About Me

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I work as a teacher, poet and spiritual director at a number of institutions in the DC area. My teaching focuses in various ways on writing, poetry, Spirituality and Christian vocation and ministry - especially from the point of view of the laity. I also offer classes and retreats encouraging people to explore their inner lives, engage their creativity and reflect on their beliefs about God, vocation, and how we can discern and pursue new ways to transform our broken world. I enjoy speaking of faith in the secular academy as well as reminding those preparing for ministry in the Church that our primary purpose is to love and serve the world beyond the church's doors. I love helping people to grow in faith and to find their own voices, and I also love encouraging them to use their minds. I see no contradiction between these impulses, believing as I do that faith, reason and creativity work together.

Thursday, September 8, 2011

“Just Pay Attention”: the Practice of Writing in Place

I'm going to try to write a little more often on this blog in the next few months (will try for weekly posts) - right now I want to do some reflecting on the connections, for me, between writing and the practice of prayer.

I just recently led a 2-day workshop on “Prayer, Poetry and Spiritual practice” at the Northeast Guild for Spiritual Formation in Seal Cove, Maine. While there I enjoyed the wonderful hospitality of the Alcyon Center retreat house. It was wonderful - people were so very receptive and deeply prayerful. And I loved sharing what I have learned over the years about the connections between prayer and what Annie Dillard has called the "writing life."

A kind of “core text” for a lot of us who teach about poetry and spirituality has become Mary Oliver’s poem “Praying,” included in her 2006 volume Thirst and now used widely, I've noticed in workshops where people are exploring means to pray, and how poetry might help with this. It’s a good place to start as I reflect on the role of poetry and contemplative in my own spiritual practice, both as a poet and as a spiritual guide and companion. Oliver’s poem begins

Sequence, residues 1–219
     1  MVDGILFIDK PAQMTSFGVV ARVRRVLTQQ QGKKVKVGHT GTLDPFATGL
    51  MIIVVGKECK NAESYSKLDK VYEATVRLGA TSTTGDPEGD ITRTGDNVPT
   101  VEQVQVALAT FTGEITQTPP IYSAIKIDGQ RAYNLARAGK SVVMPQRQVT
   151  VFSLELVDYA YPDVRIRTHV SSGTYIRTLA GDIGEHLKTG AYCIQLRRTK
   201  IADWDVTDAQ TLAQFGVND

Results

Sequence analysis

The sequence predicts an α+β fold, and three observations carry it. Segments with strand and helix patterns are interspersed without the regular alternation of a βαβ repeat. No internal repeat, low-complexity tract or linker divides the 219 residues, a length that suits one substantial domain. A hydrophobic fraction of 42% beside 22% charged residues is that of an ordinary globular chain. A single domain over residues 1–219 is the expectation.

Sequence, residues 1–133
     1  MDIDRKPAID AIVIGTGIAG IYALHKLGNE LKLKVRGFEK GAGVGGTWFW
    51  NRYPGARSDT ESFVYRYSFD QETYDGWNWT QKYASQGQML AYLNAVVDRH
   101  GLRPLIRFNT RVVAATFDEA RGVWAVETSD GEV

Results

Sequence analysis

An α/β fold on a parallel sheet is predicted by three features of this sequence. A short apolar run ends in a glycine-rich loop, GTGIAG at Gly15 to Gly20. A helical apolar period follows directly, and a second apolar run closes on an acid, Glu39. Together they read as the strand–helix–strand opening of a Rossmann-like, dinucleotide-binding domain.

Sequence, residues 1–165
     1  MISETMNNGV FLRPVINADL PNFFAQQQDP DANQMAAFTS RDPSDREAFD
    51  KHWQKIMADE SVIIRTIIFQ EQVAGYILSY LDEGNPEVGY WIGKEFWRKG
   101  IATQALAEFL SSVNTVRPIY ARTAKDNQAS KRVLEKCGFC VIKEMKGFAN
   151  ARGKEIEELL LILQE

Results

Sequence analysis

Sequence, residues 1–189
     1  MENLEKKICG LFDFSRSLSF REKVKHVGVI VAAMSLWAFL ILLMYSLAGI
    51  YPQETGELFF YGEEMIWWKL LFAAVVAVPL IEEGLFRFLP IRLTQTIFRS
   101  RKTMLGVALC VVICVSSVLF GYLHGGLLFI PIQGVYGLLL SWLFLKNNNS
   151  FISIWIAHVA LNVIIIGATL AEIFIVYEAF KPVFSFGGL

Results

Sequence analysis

It doesn't have to be
the blue iris, it could be
weeds in a vacant lot, or a few
small stones; just
pay attention, then patch

a few words together, , , , , ,

Here are two things that are important both in the life of prayer and in the writing life. It doesn't matter so much what we choose to write or pray about: often it's a matter of letting the world give itself to us: “Just//pay attention”: that’s the hardest part. To slow down long enough to let what is happening around us claim and deepen our attention. To “wake up” to life, as the Sufi poets invite us to do. And then to “patch/ a few words together,” not for self-promotion, but as a prayerful response to what we are noticing.

Mary Oliver’s practice of paying attention is tied closely to her daily walks, and a reader of her poetry knows this, as she observes the birds, the flowers, the beach, the pond around her home in Provincetown, MA (and now as she writes from a new place in Florida). A longtime reader of her poetry, I now feel as if I’ve been to the places that recur in her work - the pine woods, Blackwater Pond, the meadows and vacant lots where wildflower grow. For me, for the past five or six summers, as long as the weather is warm enough, my daily practice has been to start the day on my patio, and gradually I’m discovering deeper ways to be “at home” in this place where I have lived for over 23 years. The birds, the many colors of green that there are in the world, the sounds of birdsong and beltway, the breeze, the colors of the flowers in the patio pots. All of these things have more and more drawn and deepend my attention, leading me to a very deep gratitude. And gradually, as I’ve patched words together, a body of work is emerging - so that at other times of the day I’m writing and crafting a collection that I call my “Patio Poems.”

The practice is simply to “pay attention, then patch/ a few words together” in a contemplative journal entry, or sometimes in a poem, where the white spaces on the page, and the shimmering of the words tell me something more about what I am seeing and experiencing. This kind of writing becomes for me a way of entering into dialogue with the place I am in.

Paying attention and patching words together. This can indeed become a spiritual practice, opening, as Oliver says later in her poem, “a doorway into thanks”.

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